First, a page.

No one can guarantee anything. There is no answer to your question. One would like to believe so however.

bwiese
08-26-2006, 10:30 PM
This discussion brings me to another question about the registration process. Does registering an AW "guarantee" your right of continued ownership of the asset into the future?

Hmm. One primary goal - in fact, true legislative intent - of the Roberti-Roos law, which is essentially unchanged in the subsequent 16-17 yrs since then is that existing owners would be able to keep their guns should they transition into AW status by external circumstances (court/DOJ action, additional add-on legislation, etc.)

In fact, were it not for this proviso, the original Roberti-Roos law would not have passed (it passed by only one vote, due to the above inclusion of ability to register/retain). There were strong property rights issues on both sides of the aisle and worry about the political outcome of seizures or mandatory surrender/render-safe actions. SB23 and other amendations to Roberti-Roos have not changed this, and are not really separate bodies of law: in fact, SB23 is dependent upon Roberti-Roos' existence, as it just patched in an additional generic definition.

However, the CA AW laws are a mixture of disdain, idiocy and antigun/ anti-gun-owner sentiment. They make these guns more difficult to handle without accidentally committing crines - whether by omission or commission. It's easier to have legal problems with a legal, registered AW than with other firearms. The penalties for violating AW-related strictures can be secure and are often felonies.

rollyourown
08-27-2006, 1:23 AM
[QUOTE=treelogger] Do you wish to become a criminal? /QUOTE]

Your kidding right? If you own a gun in this state you are already assumed to be a criminal by those in power. Don't kid yourself.

As for registration, there is no reason for any type of gun registration except for tracking and future confiscation of said firearms. Don't even compare registration of guns to registration of cars. Cars are registrered for taxation purposes. Every year you pay the state for the privilage to own a car, and it costs. Firearms ownership is a RIGHT, granted by the people to the people through the Constitution of the United States of America. You do not pay taxes every year to own your weapons, so there is no reason to register them. Only weak minded cowards volunteerarly register their firearms.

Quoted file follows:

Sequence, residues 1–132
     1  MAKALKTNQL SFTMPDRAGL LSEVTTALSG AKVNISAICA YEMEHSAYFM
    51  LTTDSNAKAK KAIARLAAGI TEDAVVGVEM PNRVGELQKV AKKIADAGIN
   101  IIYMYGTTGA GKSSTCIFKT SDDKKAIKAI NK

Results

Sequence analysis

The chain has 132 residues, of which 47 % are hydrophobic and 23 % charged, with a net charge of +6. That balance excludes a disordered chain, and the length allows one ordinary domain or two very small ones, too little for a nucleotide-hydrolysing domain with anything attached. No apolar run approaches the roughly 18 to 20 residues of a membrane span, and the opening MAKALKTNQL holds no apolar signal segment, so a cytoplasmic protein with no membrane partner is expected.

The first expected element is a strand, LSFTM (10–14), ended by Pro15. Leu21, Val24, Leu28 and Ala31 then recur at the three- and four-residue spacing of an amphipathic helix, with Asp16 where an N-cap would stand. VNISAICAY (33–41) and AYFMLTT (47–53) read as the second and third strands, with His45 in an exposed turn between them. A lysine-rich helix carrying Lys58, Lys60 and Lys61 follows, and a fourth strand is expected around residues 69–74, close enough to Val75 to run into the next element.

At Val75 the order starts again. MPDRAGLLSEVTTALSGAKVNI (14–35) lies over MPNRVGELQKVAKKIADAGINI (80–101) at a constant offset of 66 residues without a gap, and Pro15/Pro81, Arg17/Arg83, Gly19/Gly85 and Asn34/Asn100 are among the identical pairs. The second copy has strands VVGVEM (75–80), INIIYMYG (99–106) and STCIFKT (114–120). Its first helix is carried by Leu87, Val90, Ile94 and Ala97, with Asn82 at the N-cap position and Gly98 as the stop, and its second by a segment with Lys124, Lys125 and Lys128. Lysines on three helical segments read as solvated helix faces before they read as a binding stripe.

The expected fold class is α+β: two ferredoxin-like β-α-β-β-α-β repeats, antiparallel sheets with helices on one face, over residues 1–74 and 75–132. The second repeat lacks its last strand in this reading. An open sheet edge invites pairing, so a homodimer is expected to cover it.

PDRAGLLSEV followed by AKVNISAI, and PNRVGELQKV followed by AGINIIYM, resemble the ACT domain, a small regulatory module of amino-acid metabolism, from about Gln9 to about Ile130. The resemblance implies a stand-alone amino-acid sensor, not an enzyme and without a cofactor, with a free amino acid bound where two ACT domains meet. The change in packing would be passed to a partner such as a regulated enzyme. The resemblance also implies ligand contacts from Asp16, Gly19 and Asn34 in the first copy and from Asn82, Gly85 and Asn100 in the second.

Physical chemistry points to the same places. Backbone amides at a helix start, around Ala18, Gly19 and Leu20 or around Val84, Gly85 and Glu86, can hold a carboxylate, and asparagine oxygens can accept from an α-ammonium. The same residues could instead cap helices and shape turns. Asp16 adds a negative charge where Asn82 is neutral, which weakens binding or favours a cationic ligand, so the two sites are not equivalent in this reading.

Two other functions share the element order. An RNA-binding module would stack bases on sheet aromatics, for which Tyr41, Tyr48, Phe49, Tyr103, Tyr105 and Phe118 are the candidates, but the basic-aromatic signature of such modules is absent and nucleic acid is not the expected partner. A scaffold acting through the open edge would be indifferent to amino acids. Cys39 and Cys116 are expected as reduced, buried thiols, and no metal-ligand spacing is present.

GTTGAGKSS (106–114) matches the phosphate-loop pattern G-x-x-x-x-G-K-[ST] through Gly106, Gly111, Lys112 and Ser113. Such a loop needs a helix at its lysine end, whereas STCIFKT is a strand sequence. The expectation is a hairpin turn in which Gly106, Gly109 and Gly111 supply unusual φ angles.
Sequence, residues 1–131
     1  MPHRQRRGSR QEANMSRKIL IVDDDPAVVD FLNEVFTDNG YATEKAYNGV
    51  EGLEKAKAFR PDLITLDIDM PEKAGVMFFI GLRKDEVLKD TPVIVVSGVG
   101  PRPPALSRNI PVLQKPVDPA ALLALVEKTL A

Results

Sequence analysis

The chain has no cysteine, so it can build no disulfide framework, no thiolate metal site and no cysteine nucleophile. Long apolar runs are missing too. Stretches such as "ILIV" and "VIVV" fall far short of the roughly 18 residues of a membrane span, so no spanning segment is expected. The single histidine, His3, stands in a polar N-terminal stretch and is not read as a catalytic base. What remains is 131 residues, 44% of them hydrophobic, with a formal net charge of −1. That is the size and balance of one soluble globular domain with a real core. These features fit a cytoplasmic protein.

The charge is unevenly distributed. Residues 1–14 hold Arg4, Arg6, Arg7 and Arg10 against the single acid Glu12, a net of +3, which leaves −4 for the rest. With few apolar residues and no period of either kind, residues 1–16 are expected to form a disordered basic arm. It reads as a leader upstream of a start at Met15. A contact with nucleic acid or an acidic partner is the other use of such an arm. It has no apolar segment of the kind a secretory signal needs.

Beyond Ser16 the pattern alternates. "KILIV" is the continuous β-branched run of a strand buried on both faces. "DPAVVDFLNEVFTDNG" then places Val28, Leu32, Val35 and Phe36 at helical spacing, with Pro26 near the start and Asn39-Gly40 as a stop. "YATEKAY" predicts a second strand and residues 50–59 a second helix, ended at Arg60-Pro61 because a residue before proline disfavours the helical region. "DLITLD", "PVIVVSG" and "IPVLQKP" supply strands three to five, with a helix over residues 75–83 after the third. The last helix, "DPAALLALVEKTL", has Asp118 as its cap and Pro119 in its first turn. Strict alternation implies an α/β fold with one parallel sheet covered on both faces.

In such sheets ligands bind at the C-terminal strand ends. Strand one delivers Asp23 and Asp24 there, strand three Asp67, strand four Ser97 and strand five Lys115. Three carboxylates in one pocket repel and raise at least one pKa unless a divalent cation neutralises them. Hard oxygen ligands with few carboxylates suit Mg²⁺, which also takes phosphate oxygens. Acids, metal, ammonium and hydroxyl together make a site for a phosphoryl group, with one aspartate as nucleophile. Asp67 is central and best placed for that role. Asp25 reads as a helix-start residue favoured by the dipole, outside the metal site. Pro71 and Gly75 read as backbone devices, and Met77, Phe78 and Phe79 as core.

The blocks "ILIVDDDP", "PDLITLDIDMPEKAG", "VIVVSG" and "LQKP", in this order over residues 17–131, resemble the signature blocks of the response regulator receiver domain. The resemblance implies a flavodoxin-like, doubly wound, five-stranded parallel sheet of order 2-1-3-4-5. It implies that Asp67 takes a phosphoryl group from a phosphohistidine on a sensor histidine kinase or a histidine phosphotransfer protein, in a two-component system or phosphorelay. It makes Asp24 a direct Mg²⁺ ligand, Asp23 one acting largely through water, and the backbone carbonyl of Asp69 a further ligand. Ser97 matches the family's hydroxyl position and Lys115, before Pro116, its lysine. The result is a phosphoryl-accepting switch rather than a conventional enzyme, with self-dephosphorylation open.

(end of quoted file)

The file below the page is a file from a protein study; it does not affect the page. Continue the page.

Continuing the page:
What happend to the backbone of the American citizen in this state? What the hell is wrong with you that you would choose to lay down and take it in the rear from people that are hell bent on enslaving you???:confused:

Paul1960
08-27-2006, 6:35 AM
Registration?

Not me. I shipped a DOZEN AR's out of state to various locations around the nation rather than to give the SOB's in Sacramento a reason to kick down my door at midnight. The progressive liberals are walking a fine line between a massive disarming of the whole population and a political up rising. They feed the emotional fears of their voters by allowing revolving door justice from pansy-assed judges and DA's willing to plea bargain charges down as fast as possible. The steady training of criminals, the "no victim" crime of drugs, and no true reform of the system means there will be a constant high level of crime in our liberal cities and those victims will always need a "concerned" liberal to come to their rescue for the mear cost of a vote and their freedom.

It's sick. Did you ever notice that we register firearm owners and child sexual predators? How long before we have to wear ankle transmitters? We're not allowed within 1000 feet of a school either with our firearms.

No free man shall be debarred the use of arms ... some old dead white guy said that. Until the United States Constitution once again applies to California there are alternatives like:

http://i6.photobucket.com/albums/y215/paul1960/Weapons/RegisterdVoter.jpg

http://i6.photobucket.com/albums/y215/paul1960/Weapons/TempestuousSeaofLiberty.jpg